With the end of the year comes the end of Early Winter data collection for the atlas. There’s still a little time, for owls at least, but now it’s just a matter of sharing any lingering eBird checklists or mailing in data forms so that we can wrap things up for that, penultimate, portion of the project.
Two months ago, we still had lots of gaping holes in our attempt to get a decent number of surveys in every block. Thanks to the great efforts of many people, and the truly exceptional efforts of a distinct few, we’ve managed to fill most of those gaps and will end the atlas with a impressive statewide sampling of Connecticut’s early winter birds.
Now, we need to do the same for the late winter. Continue reading “Two months of atlas field work left”
(Note, this post repeats information recently published in the COA Bulletin, but the maps have been updated.)
As year’s end approaches, we are almost half-way through the final winter of data collection for the Connecticut Bird Atlas. This means that there are only two more weeks in which to add data for the early winter period. Coverage for this period has improved greatly, and many blocks have now reached the target of 10 survey hours between 1 November and 31 December:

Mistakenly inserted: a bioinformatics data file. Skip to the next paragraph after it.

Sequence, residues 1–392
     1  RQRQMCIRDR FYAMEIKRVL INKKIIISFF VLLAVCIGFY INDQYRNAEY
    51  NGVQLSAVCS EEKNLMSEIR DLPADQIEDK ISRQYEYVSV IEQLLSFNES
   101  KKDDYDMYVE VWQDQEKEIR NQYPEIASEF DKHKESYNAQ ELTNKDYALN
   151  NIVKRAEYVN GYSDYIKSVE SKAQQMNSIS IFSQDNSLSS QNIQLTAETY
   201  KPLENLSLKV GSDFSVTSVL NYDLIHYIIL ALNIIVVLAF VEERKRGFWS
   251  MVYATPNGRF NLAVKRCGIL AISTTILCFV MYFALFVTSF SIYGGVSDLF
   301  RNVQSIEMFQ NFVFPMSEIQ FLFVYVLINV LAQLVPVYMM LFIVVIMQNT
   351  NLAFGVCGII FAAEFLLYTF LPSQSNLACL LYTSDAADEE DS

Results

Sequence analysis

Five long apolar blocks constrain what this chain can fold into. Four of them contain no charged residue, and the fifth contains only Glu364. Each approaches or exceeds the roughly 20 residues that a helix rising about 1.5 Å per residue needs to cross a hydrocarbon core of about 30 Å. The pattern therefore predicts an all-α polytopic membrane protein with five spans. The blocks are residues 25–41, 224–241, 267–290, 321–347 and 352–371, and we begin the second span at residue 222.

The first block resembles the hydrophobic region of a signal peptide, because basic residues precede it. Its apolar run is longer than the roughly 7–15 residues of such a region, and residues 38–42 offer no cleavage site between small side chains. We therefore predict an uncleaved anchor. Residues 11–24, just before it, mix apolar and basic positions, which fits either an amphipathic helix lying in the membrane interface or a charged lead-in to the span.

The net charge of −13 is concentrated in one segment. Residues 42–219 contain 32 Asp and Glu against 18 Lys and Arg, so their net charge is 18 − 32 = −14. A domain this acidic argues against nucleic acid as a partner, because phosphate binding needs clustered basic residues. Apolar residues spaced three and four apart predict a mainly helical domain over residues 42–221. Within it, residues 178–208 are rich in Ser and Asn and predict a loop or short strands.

Survey coverage during the early winter period (Nov-Dec) for the Connecticut Bird Atlas. Blocks are considered complete once they have received 10 hours of survey effort.
There are still plenty of blocks that are far from this target, however; especially in the northeastern corner of the state, central-western and far southwest Connecticut, and scattered places throughout the state’s interior. The highest priority blocks are those that have received less than 3 hours of surveys, with those with less than an hour (often zero) especially likely to benefit from even a short visit (click here for a larger version of the map):
Blocks that have received less than 3 hours of surveying during the early winter period (Nov-Dec) are the highest priority for visits before the new year.
With Christmas Counts and the holidays about to begin (and lapwings and grey geese to chase), it’s a busy time, but if you can spare a few hours to visit one of these high priority blocks, it will really help us wrap up the early winter work.